Building the business case for customer journeys
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Improving customer journeys can be complex, requiring the input of multiple teams into different channels and systems, but the results can be transformational for you and your customers alike.
You may be convinced of the transformative effect of customer journeys, but how do you persuade other stakeholders around your organisation to get on board?
1. Increasing profitability
A customer journey focus can impact both ‘jaws’ of the profitability equation, enabling you to simultaneously grow revenue and reduce costs.
Revenue growth can come through both winning more new customers and retaining those you already have. Great customer journeys improve conversion rates, eliminating barriers to customers coming on board, and also generate advocacy that brings more people to your door. At the same time, customers who experience low friction journeys will reward you with their loyalty.
Cost reduction comes about through driving down costs of failure. Higher conversion rates means less wasted effort on people who never become your customers; and creating great journeys means fewer dropouts into alternative channels, reduced complaints and less rework in the system.
Our experience with hundreds of client organisations is that few people can answer how much it really costs to meet their customers’ needs. Focusing on the customer journey is one of the most effective ways to maximise returns and reduce unnecessary expenditure, essential to your business case for change.
2. Exploiting new market opportunities
Understanding the wider customer journey opens up the opportunity for growth based on unmet needs, supporting new product development or movement from one-off revenue to recurring models.
Strong customer experience delivered as a result of a focus on the whole journey is one of the most effective ways to create strong brand advocacy, a potent tool that can give businesses the opportunity to enter completely new segments and be accepted based on their strong track-record.
Apple's reputation as a design-led, customer-focused technology business, first cemented with their computers, music players and mobile devices, has enabled them to move into and succeed in new markets, such as payments and television, with the backing of a loyal supporter base.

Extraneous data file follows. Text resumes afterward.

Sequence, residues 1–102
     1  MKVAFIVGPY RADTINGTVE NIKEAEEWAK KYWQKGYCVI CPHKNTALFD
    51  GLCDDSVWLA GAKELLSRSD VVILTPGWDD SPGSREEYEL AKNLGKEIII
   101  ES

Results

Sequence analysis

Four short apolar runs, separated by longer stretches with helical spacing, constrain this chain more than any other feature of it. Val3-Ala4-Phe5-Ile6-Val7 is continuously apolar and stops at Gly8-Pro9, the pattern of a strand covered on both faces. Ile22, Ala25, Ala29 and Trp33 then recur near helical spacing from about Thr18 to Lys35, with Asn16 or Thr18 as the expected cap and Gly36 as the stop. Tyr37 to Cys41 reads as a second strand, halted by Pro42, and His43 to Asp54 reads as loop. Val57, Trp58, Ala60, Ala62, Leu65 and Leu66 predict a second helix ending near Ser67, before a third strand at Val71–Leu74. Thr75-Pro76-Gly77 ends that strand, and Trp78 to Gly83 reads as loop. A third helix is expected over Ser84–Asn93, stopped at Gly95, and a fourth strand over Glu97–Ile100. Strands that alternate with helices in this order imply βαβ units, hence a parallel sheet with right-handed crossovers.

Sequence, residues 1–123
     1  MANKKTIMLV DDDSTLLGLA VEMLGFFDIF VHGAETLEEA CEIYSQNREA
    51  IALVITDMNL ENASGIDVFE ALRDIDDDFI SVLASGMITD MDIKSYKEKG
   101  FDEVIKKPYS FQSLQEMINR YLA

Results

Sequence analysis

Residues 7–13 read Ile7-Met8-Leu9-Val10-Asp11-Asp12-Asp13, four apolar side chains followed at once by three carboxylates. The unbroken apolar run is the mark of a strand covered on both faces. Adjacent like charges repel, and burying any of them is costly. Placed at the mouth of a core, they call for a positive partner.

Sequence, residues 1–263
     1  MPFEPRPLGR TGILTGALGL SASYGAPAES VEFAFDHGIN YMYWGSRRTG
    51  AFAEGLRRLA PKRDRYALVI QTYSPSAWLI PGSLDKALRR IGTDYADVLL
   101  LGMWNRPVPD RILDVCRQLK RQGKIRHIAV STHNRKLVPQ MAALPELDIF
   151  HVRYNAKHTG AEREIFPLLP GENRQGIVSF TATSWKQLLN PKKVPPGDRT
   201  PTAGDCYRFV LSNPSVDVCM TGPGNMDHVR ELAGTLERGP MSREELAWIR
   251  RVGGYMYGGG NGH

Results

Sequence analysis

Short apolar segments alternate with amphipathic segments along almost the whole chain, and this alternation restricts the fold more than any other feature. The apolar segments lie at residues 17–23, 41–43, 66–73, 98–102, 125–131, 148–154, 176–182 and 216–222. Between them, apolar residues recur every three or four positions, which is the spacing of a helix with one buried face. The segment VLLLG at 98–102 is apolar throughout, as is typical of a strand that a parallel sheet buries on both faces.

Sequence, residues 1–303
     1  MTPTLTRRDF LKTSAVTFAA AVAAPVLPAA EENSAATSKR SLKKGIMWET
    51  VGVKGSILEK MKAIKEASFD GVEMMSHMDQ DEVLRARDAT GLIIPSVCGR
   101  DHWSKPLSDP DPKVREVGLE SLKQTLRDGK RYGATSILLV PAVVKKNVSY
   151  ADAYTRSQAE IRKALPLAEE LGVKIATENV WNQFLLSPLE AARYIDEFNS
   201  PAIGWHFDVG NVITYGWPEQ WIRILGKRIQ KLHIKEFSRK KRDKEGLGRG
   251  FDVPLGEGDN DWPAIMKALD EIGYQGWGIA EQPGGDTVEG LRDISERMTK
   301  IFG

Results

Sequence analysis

3. Consistency and surety
In many cases customer journey design often aligns closely with regulation. We’ve previously covered regulation as a force for good, and find that by taking a step-by-step design-led approach you can reduce many risks, whether financial, reputational, legal or operational, through delivering a consistent and easily repeatable process.
When organisations place the customer at the heart of their work they are less likely to be surprised by change or incur heavy costs to meet new regulations.
4. Talent development
Achieving all the above requires a committed team, capable of putting customers above process and fostering a culture of continuous improvement and development.
Research from Warwick Business School, for example, demonstrated that the most powerful impact of good complaint handling was not customer advocacy but employee loyalty – staff were more likely to commit themselves to an organisation that they truly believed was serious about customer service.
Where businesses genuinely care about customers, and this is reciprocated, you will create an environment which attracts and retains the right people. The result is a self-fulfilling cycle that creates an open and engaged culture to drive ongoing performance improvements.
5. Transformative change
One of the many attractions of customer journeys is that it forces organisations to view the full, end-to-end, experience. Without that, you risk forever working on small improvement projects which miss underlying problems and don't deliver transformational change.
By having a complete view of the customer journey you can review and prioritise competing initiatives, keeping all your changes aligned on the same goal: making life better for the customer.
Whilst focusing on the customer experience will force you to keep pace with new technology, it will also enable you to get the maximum benefit from it. Rather than looking at specific tools, such as Robotic Process Automation (RPA), as a solution in itself, a customer journey approach would look at the whole problem and consider how RPA could solve this, in the context of corresponding process change and upskilling.
Ultimately a customer journey approach will provide a ‘north star’ to bring together all your change. If you’re doing your customer research well you should be able to identify what is really important to customers and what is just a fad that won’t make a significant difference.
When everyone understands the broad impact that a customer journey approach could have on your organisation, the business case will write itself.
Happier customers, a reduced cost to serve and the opportunity to open new revenue streams, supported by an engaged and talented team of colleagues, is a recipe for business success in the 21st century.